In today’s anything-goes political fundraising world, the nation’s super rich and their favored politicos are no longer even going through the motions of maintaining ‘separate and independent’ campaigns.
The U.S. Supreme Court’s most notorious decisions have almost always rested on preposterous claims. The 1896 ruling that okayed segregation, for instance, held that imposed racial separation violated no constitutional rights since government had the capacity to keep public services and facilities “separate but equal.”
But government officials during segregation made no effort to offer anything even remotely close to equal services — and no one ever expected they would.
The 2010 Supreme Court ruling in Citizens United — the decision that has opened the door to letting rich people essentially spend whatever they want, whenever they want, on political campaigns — rests on another preposterous claim.
All those millions the rich are injecting into politics won’t distort our democracy, the high court assures us, because we can keep these millions separate and independent from the campaigns that the candidates the rich favor are running.
No one in politics, of course, believes for a minute that anyone can actually keep the super rich and their “independent expenditures” totally separate from any particular candidate’s campaign. But everyone involved in the political games rich people play has been playing along with this convenient fiction. Until last week.
The game-changer came at the luxurious five-star St. Regis Hotel in Colorado’s Aspen, the favorite mountain getaway of America’s awesomely affluent.
The occasion: a retreat hosted by the Republican Governors Association that brought together, Politico reports, “some of the biggest names in GOP politics,” including top advisers to the Romney campaign, and key “representatives of deep-pocketed political spenders” like the billionaire Koch brothers.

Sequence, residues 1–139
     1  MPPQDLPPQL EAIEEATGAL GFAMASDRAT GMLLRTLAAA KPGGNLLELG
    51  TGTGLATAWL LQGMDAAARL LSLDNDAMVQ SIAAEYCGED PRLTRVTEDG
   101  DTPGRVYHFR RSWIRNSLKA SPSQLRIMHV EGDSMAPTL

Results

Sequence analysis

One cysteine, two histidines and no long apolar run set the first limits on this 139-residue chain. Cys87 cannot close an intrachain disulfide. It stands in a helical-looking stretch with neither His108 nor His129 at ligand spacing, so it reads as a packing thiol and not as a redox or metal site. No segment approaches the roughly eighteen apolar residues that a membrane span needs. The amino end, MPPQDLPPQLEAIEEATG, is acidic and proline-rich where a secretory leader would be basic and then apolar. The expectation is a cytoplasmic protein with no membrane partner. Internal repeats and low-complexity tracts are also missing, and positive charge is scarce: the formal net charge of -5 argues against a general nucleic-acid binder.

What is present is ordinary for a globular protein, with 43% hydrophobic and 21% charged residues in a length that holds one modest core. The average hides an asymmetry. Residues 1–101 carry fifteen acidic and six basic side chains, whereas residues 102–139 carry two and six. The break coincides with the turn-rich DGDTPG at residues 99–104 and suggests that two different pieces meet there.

Also on hand: some 200 big donors themselves and the political strategists — like Karl Rove — who run the “independent” campaign groups that are masterminding how best to spend their money.
How can the rich and their hired guns spend a week rubbing shoulders with the top aides of the candidates they support and still claim they’re all operating independently? They can’t. Yet no one in federal campaign law officialdom seems to care. We have come to live in a political system where anything goes.
Big money, as Mother Jones analyst Andy Kroll notes, is now “flooding the political system like never before.”
But most Americans haven’t yet noticed. Only 25 percent of Americans say they’ve heard a lot about campaign spending so far this year, the Pew Research Center reported last week, and 39 percent say they’ve heard “nothing at all.”
Two just-released public interest group reports are making a noble effort to pierce this current campaign funding fog.
A new analysis from the Center for Responsive Politics is now estimating that total spending on the 2012 presidential and congressional elections — by presidential candidates, Senate and House candidates, political parties, and “independent” groups — will likely hit $5.8 billion, an all-time record.